Owen

“Let ‘Em All Come” Original WW1 PC Artwork

11 posts in this topic

I bought this a while ago, couldn't resist it.     It's an original WW1 gouache artwork design (for a Post Card), signed by the artist J.H.R. (John H. Roberts), and with artists stamp on the reverse (J. H. Roberts, The Studio, 12 Grand Avenue, Hove, Sussex).   In addition to the 'Red, White and Blue' ....I think that the iconic imagery of the British Lion, standing on ‘the green grass of home’ upon the White Cliffs of Dover, facing the enemy, under a flying Union Jack, really captures the sentiment of First World War British home front sentiment; a strong sense of patriotism, keeping morale up and our island nation sense of history and invincibility.    Or, maybe I am being over sentimental!   Anyway, thought I would share it...

BTW, gouache is a type of water-soluble paint that, unlike watercolour, is opaque so the white of the paper surface does not show through.

Owen

060942fc-1261-432f-b9f5-54927d999480_zps

 

 

Share this post


Link to post
Share on other sites

Nice, is it actually postcard sized or larger?

 

Alex

Share this post


Link to post
Share on other sites

I really like it. It speaks of British pride.

Share this post


Link to post
Share on other sites

And now i know what 'goauche' is.  Thanks, Owen!  Great painting.  I used several similarly themed prints when I organized an exhibit on India troops in WWI, mostly variations on the 'Old Lion defended by her cubs' theme, with various cubs labelled Canada, India, Australia and so on. 

Share this post


Link to post
Share on other sites

Thanks all, glad you like it!   Yes, postcard sized...wish it was poster sized, but good things come in small packages my mum always said.  Ahem, I had to look up gouache before buying it... :wacky: 

What I would like to know is whether the design materialised into a postcard.  I have googled it to death, but nada.  

Thanks,

Owen

Share this post


Link to post
Share on other sites

He was born in India. I think there's a couple more available on ebay at a very reasonable cost if you look him up on there.

I'll just check...... yep, still there, his Hercules and Flora designs. 

Share this post


Link to post
Share on other sites

ID: 8   Posted (edited)

1 hour ago, Spasm said:

He was born in India. I think there's a couple more available on ebay at a very reasonable cost if you look him up on there.

I'll just check...... yep, still there, his Hercules and Flora designs. 

That's really helpful, thank you for letting me know.  To keep the military theme, I bought the 'Hercules' card, which I think is a tongue in cheek take on Army PT Instructors, then the Army Gymnastic Staff and now, of course, the Royal Army Physical Taining Corps.  The 'weakling' is wearing the colours of the kit worn by Army PT Instructors and the crossed swords (albeit foils in the picture) is their emblem.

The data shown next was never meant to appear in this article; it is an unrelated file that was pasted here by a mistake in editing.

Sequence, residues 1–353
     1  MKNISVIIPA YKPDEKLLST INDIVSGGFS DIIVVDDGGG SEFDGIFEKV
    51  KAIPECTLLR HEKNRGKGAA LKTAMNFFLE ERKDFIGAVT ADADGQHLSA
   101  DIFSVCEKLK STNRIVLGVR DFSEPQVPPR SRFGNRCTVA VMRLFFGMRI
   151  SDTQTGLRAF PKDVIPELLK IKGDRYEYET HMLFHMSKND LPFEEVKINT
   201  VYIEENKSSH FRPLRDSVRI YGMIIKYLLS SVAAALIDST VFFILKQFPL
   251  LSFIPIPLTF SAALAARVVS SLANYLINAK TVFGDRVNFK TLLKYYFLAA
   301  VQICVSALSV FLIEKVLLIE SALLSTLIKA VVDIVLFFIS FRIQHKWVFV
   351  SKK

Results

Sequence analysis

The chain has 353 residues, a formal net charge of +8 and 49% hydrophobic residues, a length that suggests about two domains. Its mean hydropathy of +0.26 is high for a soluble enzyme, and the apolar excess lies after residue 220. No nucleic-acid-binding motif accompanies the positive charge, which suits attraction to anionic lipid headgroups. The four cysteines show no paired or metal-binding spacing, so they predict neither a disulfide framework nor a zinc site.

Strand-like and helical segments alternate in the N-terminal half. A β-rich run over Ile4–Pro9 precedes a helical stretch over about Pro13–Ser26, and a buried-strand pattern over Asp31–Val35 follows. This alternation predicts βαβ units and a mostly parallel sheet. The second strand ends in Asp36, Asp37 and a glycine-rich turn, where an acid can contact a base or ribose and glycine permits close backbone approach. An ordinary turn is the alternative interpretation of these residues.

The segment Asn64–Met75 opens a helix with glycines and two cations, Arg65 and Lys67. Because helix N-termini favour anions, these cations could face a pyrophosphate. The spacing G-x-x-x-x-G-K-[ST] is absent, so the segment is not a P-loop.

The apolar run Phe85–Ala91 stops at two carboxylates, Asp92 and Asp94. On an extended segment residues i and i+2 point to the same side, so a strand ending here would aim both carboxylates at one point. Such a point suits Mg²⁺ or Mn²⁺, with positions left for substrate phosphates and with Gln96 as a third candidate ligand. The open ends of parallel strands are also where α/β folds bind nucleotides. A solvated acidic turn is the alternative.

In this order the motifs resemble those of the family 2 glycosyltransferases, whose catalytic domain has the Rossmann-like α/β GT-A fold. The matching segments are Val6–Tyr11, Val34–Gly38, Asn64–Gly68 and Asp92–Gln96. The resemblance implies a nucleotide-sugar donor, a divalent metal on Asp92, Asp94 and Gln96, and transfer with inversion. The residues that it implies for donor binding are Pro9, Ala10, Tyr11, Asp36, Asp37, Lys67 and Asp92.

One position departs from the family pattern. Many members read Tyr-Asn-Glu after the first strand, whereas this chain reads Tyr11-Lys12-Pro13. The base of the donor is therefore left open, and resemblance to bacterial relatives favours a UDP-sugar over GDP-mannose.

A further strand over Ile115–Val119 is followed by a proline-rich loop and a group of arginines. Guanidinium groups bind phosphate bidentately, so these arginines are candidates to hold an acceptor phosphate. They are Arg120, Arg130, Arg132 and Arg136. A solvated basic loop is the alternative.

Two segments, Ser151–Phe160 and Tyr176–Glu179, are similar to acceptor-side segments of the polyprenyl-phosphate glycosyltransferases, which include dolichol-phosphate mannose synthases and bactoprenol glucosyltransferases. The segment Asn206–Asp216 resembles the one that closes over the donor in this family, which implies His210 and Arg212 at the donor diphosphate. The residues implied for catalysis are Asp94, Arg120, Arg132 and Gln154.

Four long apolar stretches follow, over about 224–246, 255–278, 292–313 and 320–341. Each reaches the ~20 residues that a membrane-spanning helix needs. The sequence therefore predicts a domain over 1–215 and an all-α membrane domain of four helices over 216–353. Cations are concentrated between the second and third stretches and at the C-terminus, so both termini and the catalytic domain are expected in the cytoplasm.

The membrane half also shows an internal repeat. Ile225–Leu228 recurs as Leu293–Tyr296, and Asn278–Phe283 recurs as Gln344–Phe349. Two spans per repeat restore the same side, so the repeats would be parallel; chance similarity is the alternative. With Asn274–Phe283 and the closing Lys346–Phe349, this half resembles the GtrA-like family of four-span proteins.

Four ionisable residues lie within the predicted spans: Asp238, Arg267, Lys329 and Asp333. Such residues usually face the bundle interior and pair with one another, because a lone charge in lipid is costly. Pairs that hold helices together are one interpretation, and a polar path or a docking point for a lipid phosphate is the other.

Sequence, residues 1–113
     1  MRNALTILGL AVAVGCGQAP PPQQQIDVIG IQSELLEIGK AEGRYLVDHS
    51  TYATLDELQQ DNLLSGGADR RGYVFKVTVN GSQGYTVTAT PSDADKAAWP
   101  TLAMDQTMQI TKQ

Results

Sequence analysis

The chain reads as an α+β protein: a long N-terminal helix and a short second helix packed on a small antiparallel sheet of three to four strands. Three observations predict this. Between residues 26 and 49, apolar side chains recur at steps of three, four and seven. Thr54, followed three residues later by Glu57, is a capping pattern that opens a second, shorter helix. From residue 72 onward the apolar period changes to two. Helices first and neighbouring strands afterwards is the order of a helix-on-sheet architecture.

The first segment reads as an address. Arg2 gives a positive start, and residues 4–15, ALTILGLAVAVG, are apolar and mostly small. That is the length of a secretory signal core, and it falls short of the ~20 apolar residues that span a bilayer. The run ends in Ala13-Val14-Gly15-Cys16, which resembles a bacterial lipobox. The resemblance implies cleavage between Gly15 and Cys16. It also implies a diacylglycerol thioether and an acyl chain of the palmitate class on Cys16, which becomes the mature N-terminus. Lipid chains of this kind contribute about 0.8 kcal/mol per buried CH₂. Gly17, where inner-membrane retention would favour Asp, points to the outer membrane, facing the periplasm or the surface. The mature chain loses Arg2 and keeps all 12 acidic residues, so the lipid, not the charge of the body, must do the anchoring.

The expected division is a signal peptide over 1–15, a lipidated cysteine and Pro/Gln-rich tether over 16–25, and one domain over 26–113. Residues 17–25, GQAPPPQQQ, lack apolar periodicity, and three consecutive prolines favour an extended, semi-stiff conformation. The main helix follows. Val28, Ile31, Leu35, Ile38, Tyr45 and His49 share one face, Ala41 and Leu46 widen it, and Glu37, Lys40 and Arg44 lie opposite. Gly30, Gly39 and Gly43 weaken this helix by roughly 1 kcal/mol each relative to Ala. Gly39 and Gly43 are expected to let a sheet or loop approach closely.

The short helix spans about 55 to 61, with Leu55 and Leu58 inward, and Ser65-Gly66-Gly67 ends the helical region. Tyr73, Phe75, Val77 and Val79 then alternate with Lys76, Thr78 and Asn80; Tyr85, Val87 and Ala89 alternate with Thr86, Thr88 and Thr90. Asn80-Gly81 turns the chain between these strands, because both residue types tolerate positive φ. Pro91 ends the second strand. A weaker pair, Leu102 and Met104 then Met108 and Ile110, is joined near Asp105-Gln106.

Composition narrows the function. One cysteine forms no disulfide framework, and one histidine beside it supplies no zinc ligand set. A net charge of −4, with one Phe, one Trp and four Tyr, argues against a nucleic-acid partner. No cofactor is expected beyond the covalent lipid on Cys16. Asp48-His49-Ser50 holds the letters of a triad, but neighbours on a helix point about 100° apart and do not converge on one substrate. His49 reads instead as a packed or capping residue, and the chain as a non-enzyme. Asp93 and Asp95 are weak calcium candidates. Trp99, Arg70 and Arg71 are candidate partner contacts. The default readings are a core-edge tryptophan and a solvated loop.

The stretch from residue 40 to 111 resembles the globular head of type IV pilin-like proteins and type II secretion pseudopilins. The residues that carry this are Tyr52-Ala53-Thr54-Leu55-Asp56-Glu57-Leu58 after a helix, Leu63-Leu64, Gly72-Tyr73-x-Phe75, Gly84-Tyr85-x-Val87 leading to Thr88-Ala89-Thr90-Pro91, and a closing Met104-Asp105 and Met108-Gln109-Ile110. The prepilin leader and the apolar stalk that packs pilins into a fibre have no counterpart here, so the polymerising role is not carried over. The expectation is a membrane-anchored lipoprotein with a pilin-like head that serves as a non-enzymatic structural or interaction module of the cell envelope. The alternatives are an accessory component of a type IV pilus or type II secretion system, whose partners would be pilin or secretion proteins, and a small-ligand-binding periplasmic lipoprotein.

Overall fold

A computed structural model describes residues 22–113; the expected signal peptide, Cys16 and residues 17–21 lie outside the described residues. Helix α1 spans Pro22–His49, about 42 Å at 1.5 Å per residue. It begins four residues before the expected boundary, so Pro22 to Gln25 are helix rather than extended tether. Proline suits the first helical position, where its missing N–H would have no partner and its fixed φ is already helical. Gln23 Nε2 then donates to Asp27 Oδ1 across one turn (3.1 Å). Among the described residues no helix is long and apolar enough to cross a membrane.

Hercules

The seller provides a bit more info on Roberts too, which is helpful.  He was born in India and his father was a Major General in HM's Indian Army....can't be too hard to track down who his father was.

thanks again,

Owen

 

Edited by Owen
Correcting info

Share this post


Link to post
Share on other sites

ID: 9   Posted (edited)

Just found the father John Roberts in the 1911 Census where he describes himself as a retired Major General of the Indian Staff Corps.  Back to the research!

Ok, so the father of John Henry Roberts (the artist) was John Roberts, who served in the HEIC, with the 40th Regt of Native Infantry.  He was an Ensign in 1855 when he married his wife Mary ((in India), a Captain in 1859 when his daughter Alice was born (in India) and a full Colonel, on 19 Sep 1861, when his son John Henry was born (in India).  He retired in 1883 as a Major General with the Indian Army Staff Corps and died in England on 1922.  

He was clearly with the 40th NI during the period of the Indian Mutiny...the 40th NI mutinied at Dinapore on 25 July. Marched to Arrah where they took part in the Siege of Arrah (27 July – 3 August 1857).  An 8-day defence, of a fortified outbuilding, occupied by a combination of 18 civilians and 50 members of the Bengal Military Police Battalion, against 2,500 – 3,000 mutinying Bengal Native Infantry sepoys from three regiments and an estimated 8,000 men from irregular forces commanded by Kunwar Singh, the local zamindar or chieftain. (Wikipedia).

Whilst all the above is a diversion from the cards, as a collector of medals, it is good to know that the artist of these cards came from a military family and one connected to an era I collect to.

Owen

 

Edited by Owen
To add info.

Share this post


Link to post
Share on other sites

Owen - Great stuff. Sometimes ebay is well worthwhile. And they will be a really nice addition to the collection. Result.

Steve

Share this post


Link to post
Share on other sites

For completeness, here is Hercules...a fine figure of a man!

my%20scan%20-%20front_zpsushwvgxx.jpg

 

Share this post


Link to post
Share on other sites

Create an account or sign in to comment

You need to be a member in order to leave a comment

Create an account

Sign up for a new account in our community. It's easy!


Register a new account

Sign in

Already have an account? Sign in here.


Sign In Now